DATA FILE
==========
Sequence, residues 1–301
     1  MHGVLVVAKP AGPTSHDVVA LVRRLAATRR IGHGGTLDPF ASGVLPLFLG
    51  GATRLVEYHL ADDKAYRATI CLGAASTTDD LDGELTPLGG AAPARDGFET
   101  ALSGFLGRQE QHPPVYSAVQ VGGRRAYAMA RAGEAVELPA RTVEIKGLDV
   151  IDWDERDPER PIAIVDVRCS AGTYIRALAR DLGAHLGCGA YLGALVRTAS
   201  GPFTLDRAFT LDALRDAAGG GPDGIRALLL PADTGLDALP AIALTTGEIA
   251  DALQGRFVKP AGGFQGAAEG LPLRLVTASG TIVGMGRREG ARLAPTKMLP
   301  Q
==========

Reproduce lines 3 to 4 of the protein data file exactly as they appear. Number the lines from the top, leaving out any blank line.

    51  GATRLVEYHL ADDKAYRATI CLGAASTTDD LDGELTPLGG AAPARDGFET
   101  ALSGFLGRQE QHPPVYSAVQ VGGRRAYAMA RAGEAVELPA RTVEIKGLDV